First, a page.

Surfing has gifted me with many adventures, both strange and fantastic. Ultimately it has helped me find a way back to myself and the world at large. The beauty taught by the ocean and its fluid connection to constant synchronicity is limitless. My love for it deepens every day, like a child who sees wisdom in a parent's face. That love has been tested many times, but it has endured. There've been pool sharks, snow storms, rope ladders, swamps, and bears. You name it. Surfing always passed the test. "Yes, I'd love to crawl through icy swamp puddles in mid-December while avoiding fresh bear sign in a tight rubber wetsuit for miles as long as there's surf!"
That's how much surfing means to me. I'd go through just about any obstacle, even Herring. Was that a typo? No, not at all. Let me explain.
Early dawn on a fine fall morning, a marine layer hangs just offshore. The wind softly blowing toward the waves, golden light gradually becoming the pale contrast before the brunch special. Westport always had a sense of grandeur. Hours of driving, sitting in anticipation, the sleepy coastal towns that ambled by– the turn into the state park, the excitement building, hastily parking, quickly suiting up, and sprinting up over the bluff to see the jetty. Admittedly, more often than not, it was a mess. But this morning was not that day. The contrast had been turned up. The water was glass, the sets were spaced out, and the waves were head-high cylinders. At this point, I practically leapt out of my wetsuit. But this is where Westport's grandeur kicks in because I was still on the bluff. Which meant I still had a five-minute walk before touching water. As I scrambled my way closer, I noticed something peculiar. Thousands and thousands of birds were in the water just outside the break. Up to this point, I had seen all kinds of weird shit in the water out there, so I didn't give it much thought and started to paddle out. Eager to get to those beautiful waves. Once I was waist-deep, I realized what the fuss was about. The Herring were in.
For those unaware, Herring can travel in massive schools, occasionally making their way to the shallows. The first few that bounced off me were passed off as a coincidence, but a few quickly became hundreds, and within seconds thousands were swirling around me. It was less salt water and more Herring. They would wiggle between my chest and the surfboard, making it challenging to stay on the board and eerily squishy. The little guys were bouncing off me from every direction. The first duck dive was horrifying! It was like diving into a wall of slimy wiggly fish. Several ricocheted off my face while others pelted my entire body as I dove through the wave. By the time I paddled through the swarm, I sat in the line-up, shell-shocked, bewildered by what was happening.
Nonetheless, it was still near perfect conditions. I could hear the other surfers as they reacted to the little fishies. Everyone was freaking out and squealing. Everybody out there was struck by the sheer absurdity and madness of the situation. It was surreal and shocking, but the conditions were so good nobody could leave.
Once I mustered up the courage to go for a wave, it was time to take the plunge. I made the drop, but the wave quickly closed out and gave me a roll along the sandbar. Instead of the usual sensation of hitting bottom (which was typically firm), it was a slithering, squirmy mess. I stood up quickly only to find myself chest deep in the swarm. They wormed their way all around me, wiggling between my armpits, squirming through my legs, and squirting through my feet as I tried to touch the sand. Let me say this, trying to stand and walk on tiny fish racing around you at warp speed is less than pleasant. It feels similar to a surprise full-body tickle-attack while being blindfolded. Except the assailant reeks of bad fish and has a million oily fingers that leave no stone unturned.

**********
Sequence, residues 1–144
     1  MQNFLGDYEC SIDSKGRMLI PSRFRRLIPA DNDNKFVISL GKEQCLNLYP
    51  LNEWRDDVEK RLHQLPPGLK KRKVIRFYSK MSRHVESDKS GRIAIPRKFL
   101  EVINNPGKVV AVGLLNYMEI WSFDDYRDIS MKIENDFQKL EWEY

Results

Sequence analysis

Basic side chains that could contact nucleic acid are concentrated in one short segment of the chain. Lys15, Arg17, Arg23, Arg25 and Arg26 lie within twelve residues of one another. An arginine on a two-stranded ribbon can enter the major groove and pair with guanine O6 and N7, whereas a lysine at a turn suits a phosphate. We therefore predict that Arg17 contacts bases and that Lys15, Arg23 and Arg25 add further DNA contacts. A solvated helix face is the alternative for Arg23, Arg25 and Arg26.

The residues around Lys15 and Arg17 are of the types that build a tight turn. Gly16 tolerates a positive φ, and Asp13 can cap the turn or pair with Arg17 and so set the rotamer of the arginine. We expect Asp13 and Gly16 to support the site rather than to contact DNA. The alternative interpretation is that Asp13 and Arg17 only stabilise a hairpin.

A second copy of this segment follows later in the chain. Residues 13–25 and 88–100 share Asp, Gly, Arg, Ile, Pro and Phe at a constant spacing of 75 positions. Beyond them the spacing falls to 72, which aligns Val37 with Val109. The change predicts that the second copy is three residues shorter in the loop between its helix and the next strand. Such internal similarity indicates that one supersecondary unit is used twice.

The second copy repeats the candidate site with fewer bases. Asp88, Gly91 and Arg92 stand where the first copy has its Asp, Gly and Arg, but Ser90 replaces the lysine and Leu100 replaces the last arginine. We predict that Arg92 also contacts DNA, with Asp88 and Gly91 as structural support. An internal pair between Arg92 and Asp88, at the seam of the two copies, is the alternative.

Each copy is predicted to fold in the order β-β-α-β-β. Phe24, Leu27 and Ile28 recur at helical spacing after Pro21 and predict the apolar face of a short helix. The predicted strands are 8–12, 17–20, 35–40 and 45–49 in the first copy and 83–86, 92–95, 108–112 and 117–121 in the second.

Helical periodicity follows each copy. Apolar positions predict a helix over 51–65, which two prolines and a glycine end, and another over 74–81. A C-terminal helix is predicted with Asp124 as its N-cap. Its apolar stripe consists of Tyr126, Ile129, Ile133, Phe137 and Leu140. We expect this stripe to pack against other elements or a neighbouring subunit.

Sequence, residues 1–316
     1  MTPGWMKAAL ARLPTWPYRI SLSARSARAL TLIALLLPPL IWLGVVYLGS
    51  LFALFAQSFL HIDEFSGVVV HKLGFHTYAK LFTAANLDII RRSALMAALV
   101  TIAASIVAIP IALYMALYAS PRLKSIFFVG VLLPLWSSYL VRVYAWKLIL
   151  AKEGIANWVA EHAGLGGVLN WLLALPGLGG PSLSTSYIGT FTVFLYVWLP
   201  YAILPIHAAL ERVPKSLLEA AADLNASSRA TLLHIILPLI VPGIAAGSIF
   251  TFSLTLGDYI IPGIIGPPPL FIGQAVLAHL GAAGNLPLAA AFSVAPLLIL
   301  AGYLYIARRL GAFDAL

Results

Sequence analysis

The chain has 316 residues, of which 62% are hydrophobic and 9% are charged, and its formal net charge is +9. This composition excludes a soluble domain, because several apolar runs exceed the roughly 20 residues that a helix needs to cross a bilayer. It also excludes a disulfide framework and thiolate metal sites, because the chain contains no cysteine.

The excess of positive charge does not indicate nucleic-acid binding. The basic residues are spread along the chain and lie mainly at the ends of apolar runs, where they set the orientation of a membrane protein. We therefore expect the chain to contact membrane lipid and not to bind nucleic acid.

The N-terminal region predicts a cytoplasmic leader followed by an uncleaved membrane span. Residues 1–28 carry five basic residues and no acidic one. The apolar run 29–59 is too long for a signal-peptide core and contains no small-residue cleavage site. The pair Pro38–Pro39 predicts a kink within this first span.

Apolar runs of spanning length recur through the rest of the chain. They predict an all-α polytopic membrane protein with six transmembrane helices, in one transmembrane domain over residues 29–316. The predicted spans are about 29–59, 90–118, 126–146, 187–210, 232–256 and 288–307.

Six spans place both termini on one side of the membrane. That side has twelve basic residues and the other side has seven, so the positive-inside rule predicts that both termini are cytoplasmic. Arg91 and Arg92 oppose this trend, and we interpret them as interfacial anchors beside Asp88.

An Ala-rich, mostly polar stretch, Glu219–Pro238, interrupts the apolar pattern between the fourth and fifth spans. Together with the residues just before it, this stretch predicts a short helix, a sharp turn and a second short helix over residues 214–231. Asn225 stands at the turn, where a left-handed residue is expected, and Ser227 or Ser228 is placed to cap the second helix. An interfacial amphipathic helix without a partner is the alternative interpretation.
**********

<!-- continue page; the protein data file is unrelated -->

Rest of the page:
I managed to surf for an hour and a half before enough was enough. Even though the waves were perfect, that tickle monster awaited you after every wave. Every ride would end in hysterics. I would pop out of the water screaming, laughing, half insane– everyone out there was in an altered state, confused, nervous, rattled, hysterical and joyous. The absurdity of the situation made everything comical. The crowd was laughing, screaming, raving mad, and making the most out of the bizarre world we had found ourselves in. The oily fishy smell of the water, the huge flock of birds waiting patiently for a snack– the teaming, splashing, roiling seas. Even the ocean felt more like jell than water. All of it, from the pages of "Fact, is Stranger Than Fiction."
I can only look back on this absurd scene with reverence. Had you told my childhood self that I would someday voluntarily swim with a school of fish in dark, murky waters. And repeatedly let those very fish touch every square inch of my being. The answer would've been a resounding "NO THANKS!", "NO WAY!" Instead, because of my love for the ocean, I faced that uncertainty and even remained somewhat sane. The sea has many lessons. That day's lesson in the Herring school taught me that even though the unknown makes us uncomfortable– facing it can bring a joy we've never known. Humility comes in many forms, and remember to always close your mouth when duck diving unless you're hungry for herring.
-Comedy is the gift of facing one's fears.